"Are you out of your mind?" I scolded my friend as I looked at his credit card bills in disbelief.
Despite having a job that paid him well, he racked up over $20,000 in debt.
You know what got him into debt?
Addiction to mindless consumer spending...
He was interested in making short films, so he started buying books and watching videos on YouTube.
That led him to a rabbit hole of buying expensive video gear and shelling out thousands of dollars for online courses and software.
When I went to his room, I was shocked.
There were iMacs with multiple monitors, branded video cameras, tripods of varying shapes and sizes, microphones, camera lights, lighting kits, boom poles, shock mounts, headphones, audio recorders, external hard drives in addition to a host of other gadgets and gizmos that I wasn't familiar with.
It felt like a room of a professional ad agency.
I said, "No wonder, you are in debt, how many short films have you made?"
Then came his reply.
"None, I still have a lot to learn..."
I stood there in utter disbelief and shock, unable to pay attention to rest of what he said.
This is exactly what James Clear reveals in his book 'Atomic Habits' as the difference between being in motion vs taking action.
- "If I outline 20 ideas for articles I want to write, that’s motion. If I actually write and publish an article, that’s action.
- If I email 10 new leads for my business and start conversations with them, that’s motion. If they actually buy something and turn into a customer, that’s action.
- If I search for a better diet plan and read a few books on the topic, that’s motion. If I actually eat a healthy meal, that’s action.
- If I go to the gym and ask about getting a personal trainer, that’s motion. If I actually step under the bar and start squatting, that’s action.
- If I study for a test or prepare for a research project, that’s motion. If I actually take the test or write my research paper, that’s action."
My friend was doing the same - not taking any action and was happy 'being in motion.'
There are plenty of times I have done something similar.
- Instead of going for a simple walk, I would watch workout videos on YouTube.
- Instead of doing a simple 5 minute meditation, I would be wasting time learning about the benefits of meditation - which I already knew.
- Instead of drinking a green smoothie or adding leafy vegetables to my diet, I would read about superfoods and healthy recipes.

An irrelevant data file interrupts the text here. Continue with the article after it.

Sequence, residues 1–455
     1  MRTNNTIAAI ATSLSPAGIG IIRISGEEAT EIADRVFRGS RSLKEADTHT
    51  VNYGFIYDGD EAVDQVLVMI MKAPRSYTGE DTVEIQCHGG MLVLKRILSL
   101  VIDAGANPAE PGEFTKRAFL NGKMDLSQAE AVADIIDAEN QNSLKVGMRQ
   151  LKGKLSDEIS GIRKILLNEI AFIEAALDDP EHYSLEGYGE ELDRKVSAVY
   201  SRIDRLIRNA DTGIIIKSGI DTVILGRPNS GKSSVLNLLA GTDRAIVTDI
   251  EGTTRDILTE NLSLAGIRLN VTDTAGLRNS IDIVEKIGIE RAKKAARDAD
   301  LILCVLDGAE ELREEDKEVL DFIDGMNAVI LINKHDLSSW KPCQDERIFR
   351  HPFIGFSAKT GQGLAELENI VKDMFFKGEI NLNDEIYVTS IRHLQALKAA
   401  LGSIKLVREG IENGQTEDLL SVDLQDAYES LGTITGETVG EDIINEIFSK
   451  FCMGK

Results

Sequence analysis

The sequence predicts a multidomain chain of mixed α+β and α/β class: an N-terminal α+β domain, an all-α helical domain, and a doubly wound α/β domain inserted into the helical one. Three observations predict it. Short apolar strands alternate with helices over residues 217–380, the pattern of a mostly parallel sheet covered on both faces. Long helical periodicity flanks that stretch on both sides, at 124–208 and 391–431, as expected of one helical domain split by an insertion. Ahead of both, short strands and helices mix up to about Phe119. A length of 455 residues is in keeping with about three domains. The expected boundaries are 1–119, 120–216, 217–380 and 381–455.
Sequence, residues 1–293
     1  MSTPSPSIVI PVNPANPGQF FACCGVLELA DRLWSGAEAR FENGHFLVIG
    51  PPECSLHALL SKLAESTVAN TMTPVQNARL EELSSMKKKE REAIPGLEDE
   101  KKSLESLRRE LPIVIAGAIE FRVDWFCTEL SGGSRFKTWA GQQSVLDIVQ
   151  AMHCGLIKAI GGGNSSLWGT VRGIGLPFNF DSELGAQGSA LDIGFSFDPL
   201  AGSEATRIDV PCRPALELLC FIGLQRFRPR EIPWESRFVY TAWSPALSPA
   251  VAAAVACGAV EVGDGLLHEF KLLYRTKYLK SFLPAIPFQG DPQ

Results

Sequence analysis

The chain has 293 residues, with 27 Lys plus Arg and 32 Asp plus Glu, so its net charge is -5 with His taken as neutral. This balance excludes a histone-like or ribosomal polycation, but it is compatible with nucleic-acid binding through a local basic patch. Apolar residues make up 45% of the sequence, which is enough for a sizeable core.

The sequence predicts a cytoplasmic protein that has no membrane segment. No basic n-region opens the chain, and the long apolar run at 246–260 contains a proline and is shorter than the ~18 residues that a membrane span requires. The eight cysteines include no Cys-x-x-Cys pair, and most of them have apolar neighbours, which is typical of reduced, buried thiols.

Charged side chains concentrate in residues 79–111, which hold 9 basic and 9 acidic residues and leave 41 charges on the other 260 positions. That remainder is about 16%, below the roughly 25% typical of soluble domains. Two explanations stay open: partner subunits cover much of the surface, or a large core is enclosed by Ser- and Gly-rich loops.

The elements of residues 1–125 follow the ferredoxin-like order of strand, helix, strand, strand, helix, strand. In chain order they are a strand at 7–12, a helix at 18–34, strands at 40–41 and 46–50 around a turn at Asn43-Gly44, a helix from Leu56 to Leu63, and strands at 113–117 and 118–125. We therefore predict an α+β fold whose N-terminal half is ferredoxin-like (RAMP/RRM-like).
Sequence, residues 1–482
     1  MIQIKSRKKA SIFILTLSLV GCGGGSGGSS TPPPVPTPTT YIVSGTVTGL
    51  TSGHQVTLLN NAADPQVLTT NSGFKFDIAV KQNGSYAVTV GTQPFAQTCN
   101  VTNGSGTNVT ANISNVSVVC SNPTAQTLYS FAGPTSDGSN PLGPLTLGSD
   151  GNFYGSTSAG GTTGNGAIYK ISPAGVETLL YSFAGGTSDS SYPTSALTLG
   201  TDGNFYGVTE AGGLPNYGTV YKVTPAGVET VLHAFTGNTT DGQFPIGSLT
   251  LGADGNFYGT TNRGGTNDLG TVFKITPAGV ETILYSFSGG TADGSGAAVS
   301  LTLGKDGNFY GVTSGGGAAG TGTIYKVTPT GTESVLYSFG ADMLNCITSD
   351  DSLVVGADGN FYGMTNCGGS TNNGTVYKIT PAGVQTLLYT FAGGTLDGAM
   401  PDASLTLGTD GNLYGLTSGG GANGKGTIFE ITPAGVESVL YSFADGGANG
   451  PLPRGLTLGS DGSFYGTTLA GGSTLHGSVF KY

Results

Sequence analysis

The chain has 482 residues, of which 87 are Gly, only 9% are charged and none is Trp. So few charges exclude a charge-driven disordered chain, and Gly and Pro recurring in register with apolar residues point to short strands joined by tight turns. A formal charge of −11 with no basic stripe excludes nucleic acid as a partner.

- Instead of writing a blog post, I would spend hours learning about how to write.
- Instead of cleaning and organizing my room, I would endlessly gorge on Ted Talks on the importance of decluttering and minimalism.
As James wisely points out in the video, "if you find yourself in a stage where your planning has become a form of procrastination, then you are planning too much."
And I would also add that perhaps the lack of action stems from a deep fear of failure.
Think about it.
It's so much fun to learn about new hacks and little-known secrets than actually do what we already know because the moment we take action we are confronted by our inner critic which relishes at the tiniest struggle - constantly questioning our worth, constantly judging and shaming us and constantly belittling how insignificant we are.
And when we do fail - which we should expect in any learning process - our inner critic immediately cranks up it's volume to revel in our failure and swiftly reinforces our imposter syndrome and self-doubt.
The key to overcoming the fear of failure is to first understand that the fear is natural and you don't have to necessarily get rid of the fear.
Most importantly, realize that you have a choice:
Choice to act despite having the fear of failure.
As for my friend, he eventually found out that he really didn't like making films as much as he enjoyed learning about making them.
He was just going through a rough patch and was desperate for attention and recognition. He thought by making short films, he would become popular but as soon as he attempted making his first short film, he found the process extremely laborious and boring.
Moral of the story - plan but take action, take action but be prepared to fail, fail but be willing to learn, learn but be prepared to implement what you learned.